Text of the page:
Golden Gremlin: A Vigorous Push from Misanthropes and Geezers by Rod a Walters is a book of essays, opinions, short stories and humorous anecdotes. This is one man’s observations on life, with opinions on nature, carbon footprints, business advice and kitchen advice. In the end you even get a few songs. To put it another way this is a book written from the viewpoint of a geezer and a misanthrope. That means it’s coming from someone that’s been around the block and prefers their own company instead of being in a large group of people. He may not care but he still has a lot to say about society and a lot of good stories to share.
Golden Gremlin is a hard book to describe. Going into it I wasn’t sure what to expect because I have never read anything like it. The way the book is set up is different from most books. The essays are fairly short and at the end of each one there is a link that will take you back to the beginning or sometimes to a different essay. The word that comes to mind for me as I try to describe this book is “interesting.” Some of it I didn’t fully understand but it has its moments and there are some funny parts in it. This book feels like the author was trying to say life isn’t meant to be taken seriously and he was trying to entertain himself first and foremost. If you try to sit and read this book from cover to cover you may not like it but if you read a couple of stories every day you will find it to be an entertaining read.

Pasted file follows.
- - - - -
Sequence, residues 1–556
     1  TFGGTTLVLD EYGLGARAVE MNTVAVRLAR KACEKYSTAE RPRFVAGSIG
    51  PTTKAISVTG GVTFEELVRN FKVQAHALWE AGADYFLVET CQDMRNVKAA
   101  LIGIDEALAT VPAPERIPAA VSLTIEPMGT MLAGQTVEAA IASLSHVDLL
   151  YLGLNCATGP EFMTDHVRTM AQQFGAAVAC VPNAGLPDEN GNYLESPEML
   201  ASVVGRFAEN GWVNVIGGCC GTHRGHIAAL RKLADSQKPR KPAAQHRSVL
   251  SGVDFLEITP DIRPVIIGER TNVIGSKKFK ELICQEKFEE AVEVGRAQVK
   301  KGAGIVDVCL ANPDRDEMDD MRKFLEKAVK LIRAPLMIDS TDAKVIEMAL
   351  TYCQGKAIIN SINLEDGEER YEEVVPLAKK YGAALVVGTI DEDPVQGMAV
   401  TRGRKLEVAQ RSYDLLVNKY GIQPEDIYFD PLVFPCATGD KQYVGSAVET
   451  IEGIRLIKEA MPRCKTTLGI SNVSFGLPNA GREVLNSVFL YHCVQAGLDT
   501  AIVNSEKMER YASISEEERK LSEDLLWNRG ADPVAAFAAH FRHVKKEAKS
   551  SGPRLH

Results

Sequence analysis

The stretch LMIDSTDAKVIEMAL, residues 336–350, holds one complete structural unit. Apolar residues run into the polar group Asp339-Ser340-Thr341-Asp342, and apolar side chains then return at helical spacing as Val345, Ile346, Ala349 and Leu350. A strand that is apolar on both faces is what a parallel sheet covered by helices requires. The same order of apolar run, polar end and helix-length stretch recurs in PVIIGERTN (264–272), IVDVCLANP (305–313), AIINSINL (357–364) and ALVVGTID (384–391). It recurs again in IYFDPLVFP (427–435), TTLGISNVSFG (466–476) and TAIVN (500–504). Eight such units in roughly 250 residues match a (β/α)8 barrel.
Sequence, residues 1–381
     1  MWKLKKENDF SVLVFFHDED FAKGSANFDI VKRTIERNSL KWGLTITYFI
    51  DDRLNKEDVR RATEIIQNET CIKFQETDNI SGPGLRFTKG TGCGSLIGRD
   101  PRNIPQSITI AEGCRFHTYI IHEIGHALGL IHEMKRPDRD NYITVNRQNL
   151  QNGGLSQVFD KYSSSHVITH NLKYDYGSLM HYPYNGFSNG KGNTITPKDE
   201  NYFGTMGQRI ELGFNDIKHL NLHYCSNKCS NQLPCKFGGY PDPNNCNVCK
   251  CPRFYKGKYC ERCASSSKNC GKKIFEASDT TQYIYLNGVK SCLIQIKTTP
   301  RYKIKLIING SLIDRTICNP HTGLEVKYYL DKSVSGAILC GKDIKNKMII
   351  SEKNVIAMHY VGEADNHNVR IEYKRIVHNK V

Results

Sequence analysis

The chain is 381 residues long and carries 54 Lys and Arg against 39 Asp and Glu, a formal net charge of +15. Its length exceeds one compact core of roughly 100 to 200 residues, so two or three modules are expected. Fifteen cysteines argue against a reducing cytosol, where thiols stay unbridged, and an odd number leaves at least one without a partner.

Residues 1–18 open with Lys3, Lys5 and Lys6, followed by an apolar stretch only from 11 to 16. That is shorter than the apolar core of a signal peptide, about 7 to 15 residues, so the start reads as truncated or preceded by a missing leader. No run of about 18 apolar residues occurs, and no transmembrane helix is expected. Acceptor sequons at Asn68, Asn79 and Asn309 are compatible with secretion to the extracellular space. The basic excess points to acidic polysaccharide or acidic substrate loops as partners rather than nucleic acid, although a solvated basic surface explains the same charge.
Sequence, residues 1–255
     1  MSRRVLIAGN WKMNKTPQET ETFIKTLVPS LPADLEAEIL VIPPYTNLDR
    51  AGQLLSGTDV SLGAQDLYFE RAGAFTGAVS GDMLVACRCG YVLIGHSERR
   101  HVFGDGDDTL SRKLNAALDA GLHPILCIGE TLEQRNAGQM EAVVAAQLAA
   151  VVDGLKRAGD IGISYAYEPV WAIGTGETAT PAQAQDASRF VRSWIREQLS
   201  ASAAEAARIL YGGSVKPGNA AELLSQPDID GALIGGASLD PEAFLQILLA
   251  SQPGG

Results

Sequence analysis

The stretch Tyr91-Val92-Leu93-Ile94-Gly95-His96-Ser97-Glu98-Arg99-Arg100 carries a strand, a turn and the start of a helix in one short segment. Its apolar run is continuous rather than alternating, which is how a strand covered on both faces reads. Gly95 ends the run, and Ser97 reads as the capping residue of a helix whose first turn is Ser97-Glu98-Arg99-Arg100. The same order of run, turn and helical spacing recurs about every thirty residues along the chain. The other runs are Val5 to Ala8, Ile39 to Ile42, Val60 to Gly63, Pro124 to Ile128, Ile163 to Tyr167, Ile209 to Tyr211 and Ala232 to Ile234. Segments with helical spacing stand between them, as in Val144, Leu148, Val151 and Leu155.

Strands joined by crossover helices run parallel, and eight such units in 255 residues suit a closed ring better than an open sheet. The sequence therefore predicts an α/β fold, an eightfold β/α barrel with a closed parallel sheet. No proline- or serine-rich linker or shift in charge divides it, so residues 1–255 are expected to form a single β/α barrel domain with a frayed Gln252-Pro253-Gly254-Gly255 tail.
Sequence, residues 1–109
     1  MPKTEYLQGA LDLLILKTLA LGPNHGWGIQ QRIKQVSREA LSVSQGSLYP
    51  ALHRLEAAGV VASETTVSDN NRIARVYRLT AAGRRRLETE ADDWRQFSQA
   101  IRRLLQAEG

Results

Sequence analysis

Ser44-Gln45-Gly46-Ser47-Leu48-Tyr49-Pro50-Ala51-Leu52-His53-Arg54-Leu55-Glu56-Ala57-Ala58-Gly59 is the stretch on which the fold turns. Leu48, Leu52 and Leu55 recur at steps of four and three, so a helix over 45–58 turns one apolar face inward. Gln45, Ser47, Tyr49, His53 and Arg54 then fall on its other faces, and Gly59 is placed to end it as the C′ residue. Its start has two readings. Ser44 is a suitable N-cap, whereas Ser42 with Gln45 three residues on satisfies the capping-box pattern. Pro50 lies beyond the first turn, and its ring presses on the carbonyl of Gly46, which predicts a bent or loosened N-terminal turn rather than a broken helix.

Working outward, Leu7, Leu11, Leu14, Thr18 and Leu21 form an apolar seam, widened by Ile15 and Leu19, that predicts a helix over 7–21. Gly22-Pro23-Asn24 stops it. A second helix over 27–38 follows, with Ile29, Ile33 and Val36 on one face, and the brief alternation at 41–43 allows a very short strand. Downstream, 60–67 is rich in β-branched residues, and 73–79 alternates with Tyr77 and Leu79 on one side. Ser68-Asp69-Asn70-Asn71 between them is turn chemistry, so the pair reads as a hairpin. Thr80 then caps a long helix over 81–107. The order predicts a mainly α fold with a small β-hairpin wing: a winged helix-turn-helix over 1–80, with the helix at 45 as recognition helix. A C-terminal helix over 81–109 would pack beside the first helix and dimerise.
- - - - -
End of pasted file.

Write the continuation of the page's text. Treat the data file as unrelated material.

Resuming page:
One of my favorite parts was when he was poking fun at how absurd Facebook and twitter is and says what his first tweet would be: “If U don’t follow me, U won’t hear if I really do have purple undies on 2day. Another part I liked was when he talks about the joys of being a misanthrope. Some of the benefits are not caring what others have to say and having more time to yourself because your time is your own. Some of his opinions will put a smile on your face, such as when he points out that all decisions in society should be made by the young or the old and not by the people between the ages of 20 and 50. If you are looking for a book that’s a little different from someone who has seen it all and doesn’t take himself too seriously then give this one a try,